KJIPUKTUK (Halifax) – There’s been a lot of concern in recent weeks about the boards that are responsible for some decisions at Nova Scotia universities, primarily because of the abrupt end to the presidency of Dr. Aoife Mac Namara at NSCAD. The Minister for Advanced Education and Labour has declined to intervene: “’The government does not run the institution,’ said Kousoulis, ‘it is independent.’”
The autonomy of universities is a deeply entrenched principle, and for good reason. It ensures that universities build on their academic expertise rather than respond to the political dictates of a particular government and moment.
But over 90% of NSCAD faculty voted “no confidence” in the board; students have also been vocal in their opposition to the decision to end Mac Namara’s presidency. Aren’t they “the institution”? It seems that it is actually the boards that are independent, not the institutions for which they have limited oversight responsibility—responsibility usually centered, through legislation as well as broad practice, on finances and property. The board, for instance, doesn’t sign off on faculty research, course design, or thousands of other academic decisions that faculty make on a regular basis.
And, of course, many board members across the province are appointed by the provincial government. Of all of the committees and groups at a university, the board is by far the most entangled with government.
Dr. Mac Namara is not the first, and likely not the last, president to be shown the door. In 2011, David Turpin, then president at the University of Victoria, noted, “By my count, close to 20 percent of the AUCC membership has had a presidential term cut short” (AUCC is the Association of Universities and Colleges of Canada, now called Universities Canada).
Presidential terms have been no more stable in the past decade, and there were some high-profile examples: the University of Saskatchewan’s Board fired its president without cause in May 2014 and the president of the University of British Columbia resigned amidst concerns about an unsupportive board in 2015. More locally, the president of Cape Breton University was axed by its board in late 2016 and a president of Dalhousie University announced his resignation just as he was about to start his second term (he was reappointed in November 2017 for a new term to start July 2018, and resigned in June 2018).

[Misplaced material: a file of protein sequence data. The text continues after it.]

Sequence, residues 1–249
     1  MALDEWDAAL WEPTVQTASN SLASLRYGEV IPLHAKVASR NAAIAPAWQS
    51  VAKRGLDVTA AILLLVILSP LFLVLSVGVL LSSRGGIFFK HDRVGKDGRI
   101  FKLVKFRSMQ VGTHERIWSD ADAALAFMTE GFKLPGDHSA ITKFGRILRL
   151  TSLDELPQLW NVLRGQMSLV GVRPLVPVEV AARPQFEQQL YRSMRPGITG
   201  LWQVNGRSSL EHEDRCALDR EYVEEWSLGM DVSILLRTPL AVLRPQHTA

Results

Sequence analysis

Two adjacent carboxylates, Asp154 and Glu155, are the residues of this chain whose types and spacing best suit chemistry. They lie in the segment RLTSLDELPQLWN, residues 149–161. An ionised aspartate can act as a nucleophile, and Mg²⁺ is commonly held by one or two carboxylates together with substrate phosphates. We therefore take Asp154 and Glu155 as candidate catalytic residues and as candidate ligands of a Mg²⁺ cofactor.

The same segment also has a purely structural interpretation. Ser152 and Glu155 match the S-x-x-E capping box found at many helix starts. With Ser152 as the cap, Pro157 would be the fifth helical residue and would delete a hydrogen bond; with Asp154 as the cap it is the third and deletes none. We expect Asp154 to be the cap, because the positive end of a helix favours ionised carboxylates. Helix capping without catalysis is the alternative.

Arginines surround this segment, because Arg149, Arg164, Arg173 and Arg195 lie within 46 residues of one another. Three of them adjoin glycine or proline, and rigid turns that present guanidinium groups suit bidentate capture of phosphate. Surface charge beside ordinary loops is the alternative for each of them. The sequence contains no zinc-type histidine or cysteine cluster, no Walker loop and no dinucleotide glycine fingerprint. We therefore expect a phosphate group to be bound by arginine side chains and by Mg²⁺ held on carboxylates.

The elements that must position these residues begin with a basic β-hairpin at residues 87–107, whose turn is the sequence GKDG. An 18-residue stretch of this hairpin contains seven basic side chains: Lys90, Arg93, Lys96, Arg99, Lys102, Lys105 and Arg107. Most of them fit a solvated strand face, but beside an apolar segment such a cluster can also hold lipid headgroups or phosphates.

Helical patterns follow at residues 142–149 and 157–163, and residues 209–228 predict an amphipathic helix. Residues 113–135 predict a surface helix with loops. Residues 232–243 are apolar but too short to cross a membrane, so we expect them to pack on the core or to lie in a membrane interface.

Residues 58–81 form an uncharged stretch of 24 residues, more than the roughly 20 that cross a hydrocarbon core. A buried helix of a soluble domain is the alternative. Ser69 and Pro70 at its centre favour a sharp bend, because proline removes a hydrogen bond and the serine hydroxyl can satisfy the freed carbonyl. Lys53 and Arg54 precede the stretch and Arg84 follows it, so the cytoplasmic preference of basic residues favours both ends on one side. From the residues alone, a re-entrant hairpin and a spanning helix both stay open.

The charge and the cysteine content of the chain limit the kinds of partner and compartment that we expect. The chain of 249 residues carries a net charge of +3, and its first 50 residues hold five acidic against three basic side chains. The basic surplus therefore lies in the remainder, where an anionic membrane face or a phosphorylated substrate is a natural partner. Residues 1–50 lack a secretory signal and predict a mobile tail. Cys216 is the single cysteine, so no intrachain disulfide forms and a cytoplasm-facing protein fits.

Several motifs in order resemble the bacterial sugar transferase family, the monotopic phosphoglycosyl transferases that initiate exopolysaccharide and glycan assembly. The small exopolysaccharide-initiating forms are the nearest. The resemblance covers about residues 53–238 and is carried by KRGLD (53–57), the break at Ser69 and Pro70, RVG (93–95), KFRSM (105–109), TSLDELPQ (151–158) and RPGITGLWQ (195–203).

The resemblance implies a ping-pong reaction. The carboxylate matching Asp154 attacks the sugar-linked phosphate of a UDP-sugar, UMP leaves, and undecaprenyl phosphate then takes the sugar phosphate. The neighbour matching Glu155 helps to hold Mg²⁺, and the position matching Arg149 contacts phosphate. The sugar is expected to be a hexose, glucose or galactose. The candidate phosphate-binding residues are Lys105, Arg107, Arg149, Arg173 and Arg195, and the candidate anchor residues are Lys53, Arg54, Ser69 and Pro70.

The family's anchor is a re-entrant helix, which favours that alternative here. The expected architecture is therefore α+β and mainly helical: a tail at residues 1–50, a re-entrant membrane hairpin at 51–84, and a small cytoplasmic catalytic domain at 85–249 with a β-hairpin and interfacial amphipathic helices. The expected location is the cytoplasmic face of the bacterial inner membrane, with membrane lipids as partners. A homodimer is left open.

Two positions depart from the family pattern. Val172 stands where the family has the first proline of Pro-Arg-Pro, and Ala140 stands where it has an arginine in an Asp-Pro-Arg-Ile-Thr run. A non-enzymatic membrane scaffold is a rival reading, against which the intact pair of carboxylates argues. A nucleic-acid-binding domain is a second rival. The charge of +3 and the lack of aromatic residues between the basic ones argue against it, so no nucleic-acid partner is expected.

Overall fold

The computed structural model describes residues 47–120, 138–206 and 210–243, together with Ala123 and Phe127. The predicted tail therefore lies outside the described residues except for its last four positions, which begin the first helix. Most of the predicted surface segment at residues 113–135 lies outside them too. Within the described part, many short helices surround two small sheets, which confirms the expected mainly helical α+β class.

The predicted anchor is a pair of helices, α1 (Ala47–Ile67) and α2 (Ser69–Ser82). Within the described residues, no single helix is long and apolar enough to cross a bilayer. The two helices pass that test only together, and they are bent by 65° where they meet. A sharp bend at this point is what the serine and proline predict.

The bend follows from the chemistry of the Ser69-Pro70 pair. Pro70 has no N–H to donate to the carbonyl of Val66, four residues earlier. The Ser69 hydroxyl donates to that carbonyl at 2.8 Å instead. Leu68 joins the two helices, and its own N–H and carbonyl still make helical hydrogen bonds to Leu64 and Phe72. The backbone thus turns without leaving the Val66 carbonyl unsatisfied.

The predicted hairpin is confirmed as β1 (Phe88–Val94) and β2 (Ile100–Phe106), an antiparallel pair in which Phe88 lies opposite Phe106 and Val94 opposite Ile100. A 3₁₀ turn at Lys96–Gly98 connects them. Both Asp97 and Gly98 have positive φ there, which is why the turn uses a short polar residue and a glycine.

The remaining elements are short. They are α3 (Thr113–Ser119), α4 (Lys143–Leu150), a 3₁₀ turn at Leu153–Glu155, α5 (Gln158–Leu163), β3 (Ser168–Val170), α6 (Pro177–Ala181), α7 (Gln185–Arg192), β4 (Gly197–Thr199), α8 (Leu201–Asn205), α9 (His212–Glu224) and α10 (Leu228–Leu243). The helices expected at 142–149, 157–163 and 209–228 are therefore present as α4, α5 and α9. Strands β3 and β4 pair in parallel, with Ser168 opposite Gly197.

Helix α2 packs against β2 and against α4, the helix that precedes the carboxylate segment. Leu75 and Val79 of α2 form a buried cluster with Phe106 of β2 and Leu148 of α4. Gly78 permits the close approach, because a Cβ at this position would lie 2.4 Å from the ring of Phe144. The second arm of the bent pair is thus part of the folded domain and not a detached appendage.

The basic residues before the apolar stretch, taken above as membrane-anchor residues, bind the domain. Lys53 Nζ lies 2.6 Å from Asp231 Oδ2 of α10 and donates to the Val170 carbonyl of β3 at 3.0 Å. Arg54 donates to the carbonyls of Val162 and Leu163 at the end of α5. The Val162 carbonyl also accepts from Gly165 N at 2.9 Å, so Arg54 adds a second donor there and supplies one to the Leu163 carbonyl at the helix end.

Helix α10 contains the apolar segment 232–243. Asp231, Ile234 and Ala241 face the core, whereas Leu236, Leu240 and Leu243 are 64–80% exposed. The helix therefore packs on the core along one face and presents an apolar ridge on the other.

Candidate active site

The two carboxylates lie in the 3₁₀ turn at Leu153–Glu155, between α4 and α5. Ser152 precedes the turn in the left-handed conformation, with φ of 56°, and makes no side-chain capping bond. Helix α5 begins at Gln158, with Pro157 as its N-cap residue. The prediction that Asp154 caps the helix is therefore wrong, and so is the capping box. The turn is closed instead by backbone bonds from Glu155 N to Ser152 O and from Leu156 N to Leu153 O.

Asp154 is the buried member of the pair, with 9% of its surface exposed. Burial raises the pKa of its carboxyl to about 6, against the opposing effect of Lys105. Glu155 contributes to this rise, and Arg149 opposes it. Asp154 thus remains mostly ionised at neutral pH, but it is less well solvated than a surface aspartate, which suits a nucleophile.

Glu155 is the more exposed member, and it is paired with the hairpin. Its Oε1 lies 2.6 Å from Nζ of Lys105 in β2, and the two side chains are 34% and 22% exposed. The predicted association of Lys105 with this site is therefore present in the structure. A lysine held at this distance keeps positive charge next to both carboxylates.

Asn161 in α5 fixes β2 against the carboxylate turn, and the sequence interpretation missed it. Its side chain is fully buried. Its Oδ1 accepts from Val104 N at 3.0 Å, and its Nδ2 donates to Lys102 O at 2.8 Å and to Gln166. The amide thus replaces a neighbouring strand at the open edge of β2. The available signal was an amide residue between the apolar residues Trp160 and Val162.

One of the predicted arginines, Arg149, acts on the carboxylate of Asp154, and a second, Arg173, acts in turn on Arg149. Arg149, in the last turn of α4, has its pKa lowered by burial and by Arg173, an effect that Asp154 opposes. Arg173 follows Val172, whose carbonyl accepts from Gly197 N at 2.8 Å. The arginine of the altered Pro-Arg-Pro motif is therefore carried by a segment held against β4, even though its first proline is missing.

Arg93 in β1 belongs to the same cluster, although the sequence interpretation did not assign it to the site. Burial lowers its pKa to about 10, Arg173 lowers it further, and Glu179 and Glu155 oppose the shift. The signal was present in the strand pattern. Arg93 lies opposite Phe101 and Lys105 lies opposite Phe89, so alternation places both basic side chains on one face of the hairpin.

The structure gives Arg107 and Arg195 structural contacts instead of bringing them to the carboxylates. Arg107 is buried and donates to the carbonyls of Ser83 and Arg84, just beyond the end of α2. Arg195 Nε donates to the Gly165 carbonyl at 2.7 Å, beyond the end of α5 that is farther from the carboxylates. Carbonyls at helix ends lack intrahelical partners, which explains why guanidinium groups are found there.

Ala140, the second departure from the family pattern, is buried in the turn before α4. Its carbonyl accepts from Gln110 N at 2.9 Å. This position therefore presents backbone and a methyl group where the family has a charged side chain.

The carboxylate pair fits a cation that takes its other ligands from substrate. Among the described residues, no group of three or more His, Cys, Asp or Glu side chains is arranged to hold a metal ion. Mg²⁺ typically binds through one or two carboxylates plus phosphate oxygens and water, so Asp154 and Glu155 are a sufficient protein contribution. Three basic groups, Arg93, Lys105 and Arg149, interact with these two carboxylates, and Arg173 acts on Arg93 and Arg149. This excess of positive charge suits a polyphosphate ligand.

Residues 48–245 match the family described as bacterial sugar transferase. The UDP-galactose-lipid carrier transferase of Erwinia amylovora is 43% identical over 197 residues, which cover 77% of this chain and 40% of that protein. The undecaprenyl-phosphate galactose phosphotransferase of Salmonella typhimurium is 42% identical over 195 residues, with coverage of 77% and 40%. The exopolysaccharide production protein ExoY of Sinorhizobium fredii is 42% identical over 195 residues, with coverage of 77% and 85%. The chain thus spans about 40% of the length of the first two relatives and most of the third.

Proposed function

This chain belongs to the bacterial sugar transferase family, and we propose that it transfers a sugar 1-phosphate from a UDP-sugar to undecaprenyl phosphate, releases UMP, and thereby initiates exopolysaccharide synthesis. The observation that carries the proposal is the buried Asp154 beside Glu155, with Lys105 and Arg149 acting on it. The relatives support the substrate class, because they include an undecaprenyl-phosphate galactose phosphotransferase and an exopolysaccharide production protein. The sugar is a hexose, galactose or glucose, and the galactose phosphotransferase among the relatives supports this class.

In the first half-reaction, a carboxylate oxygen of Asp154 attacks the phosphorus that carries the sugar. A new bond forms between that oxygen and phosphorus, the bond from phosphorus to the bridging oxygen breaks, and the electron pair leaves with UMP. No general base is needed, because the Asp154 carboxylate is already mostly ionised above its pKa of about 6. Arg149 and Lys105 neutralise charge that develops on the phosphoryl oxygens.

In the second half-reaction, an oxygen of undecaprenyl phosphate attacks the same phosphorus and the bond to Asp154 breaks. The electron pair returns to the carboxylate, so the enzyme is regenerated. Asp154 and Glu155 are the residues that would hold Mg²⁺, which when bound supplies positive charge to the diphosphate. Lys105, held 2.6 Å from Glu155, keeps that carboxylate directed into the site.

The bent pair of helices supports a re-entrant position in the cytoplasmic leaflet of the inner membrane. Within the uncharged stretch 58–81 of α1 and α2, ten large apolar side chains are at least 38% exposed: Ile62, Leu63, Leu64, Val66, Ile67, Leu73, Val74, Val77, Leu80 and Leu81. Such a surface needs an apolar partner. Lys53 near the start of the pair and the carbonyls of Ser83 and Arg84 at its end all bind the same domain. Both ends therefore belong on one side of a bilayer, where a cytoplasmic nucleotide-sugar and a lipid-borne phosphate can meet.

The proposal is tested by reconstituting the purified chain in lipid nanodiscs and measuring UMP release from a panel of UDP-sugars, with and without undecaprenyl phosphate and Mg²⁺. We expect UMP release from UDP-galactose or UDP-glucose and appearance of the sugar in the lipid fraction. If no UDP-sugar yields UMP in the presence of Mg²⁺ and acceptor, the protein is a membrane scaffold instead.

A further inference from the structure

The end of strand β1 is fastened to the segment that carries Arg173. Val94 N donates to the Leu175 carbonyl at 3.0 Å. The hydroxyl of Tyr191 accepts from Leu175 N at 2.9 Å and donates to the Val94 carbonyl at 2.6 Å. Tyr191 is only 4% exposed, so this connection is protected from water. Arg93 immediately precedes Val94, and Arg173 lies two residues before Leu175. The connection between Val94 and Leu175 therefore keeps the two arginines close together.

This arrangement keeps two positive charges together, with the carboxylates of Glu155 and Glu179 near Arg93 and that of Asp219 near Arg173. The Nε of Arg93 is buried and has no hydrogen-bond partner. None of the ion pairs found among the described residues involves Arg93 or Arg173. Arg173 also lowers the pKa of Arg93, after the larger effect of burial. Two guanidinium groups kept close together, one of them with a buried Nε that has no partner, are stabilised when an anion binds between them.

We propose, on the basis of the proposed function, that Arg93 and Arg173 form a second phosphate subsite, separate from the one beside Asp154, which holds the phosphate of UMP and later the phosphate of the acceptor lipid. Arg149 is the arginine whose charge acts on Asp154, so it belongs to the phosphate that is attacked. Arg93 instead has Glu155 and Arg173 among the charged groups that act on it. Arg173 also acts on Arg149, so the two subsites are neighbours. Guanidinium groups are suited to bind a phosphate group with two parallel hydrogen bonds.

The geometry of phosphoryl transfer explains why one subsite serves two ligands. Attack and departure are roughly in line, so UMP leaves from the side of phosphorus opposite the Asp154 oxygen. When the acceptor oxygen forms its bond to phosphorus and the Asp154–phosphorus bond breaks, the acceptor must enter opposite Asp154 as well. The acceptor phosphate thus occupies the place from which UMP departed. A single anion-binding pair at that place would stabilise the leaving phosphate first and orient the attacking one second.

These are all very different cases, arising from very different causes, to the very limited extent that we know what they are. A 2014 study of university presidencies in Canada suggested, however, that part of the reason for presidential terms being cut short is boards becoming more interventionist, “mak[ing] it more likely a disagreement with the president could occur.”
University presidents are in unusual positions. On the one hand, they are supposed to be the top person responsible for overseeing the university as a university: faculty primarily conduct research and teaching but also regularly serve supporting roles outside of the university, from advising government and other public institutions to collaborations with the private sector. On the other hand, presidents answer to boards that are dominated by non-academics.
If you take a look at university boards in our province, you will find a lot of similarities not just in their lines of work but also in the companies they work for: the large grocery and pharmacy chains; rental property companies; the larger corporate law firms; Emera and the Halifax Airport. Food, housing, power, and travel. We shouldn’t be surprised at the pressure to grow enrolment, especially enrolments from outside of Nova Scotia.
University presidents cannot effectively lead academic institutions if they are made precarious by boards that overreach or can be significantly driven by the focuses and assumptions of their day-jobs, rather than by academic expertise and the urgent needs of our classrooms, our labs and studios, our libraries, and our province—the whole province, in all its rich complexity and diversity. They cannot lead effectively if boards evaluate them in terms of the boards’ responsibilities rather than their role in the university community.
Universities are not independent if that independence begins and ends at the boardroom door, and can leave even faculty-supported presidents in the hallway.
For universities to truly be independent institutions of discovery, knowledge, and the advancement of civil society, the academic staff and students who are the university need to be returned to the centre of our vision of university autonomy. Boards and governments can start by listening when academics express profound concern as strongly as they have in recent weeks at NSCAD.
Julia M. Wright is George Munro Chair in English Literature and Rhetoric at Dalhousie University, and past-president of the Dalhousie Faculty Association.
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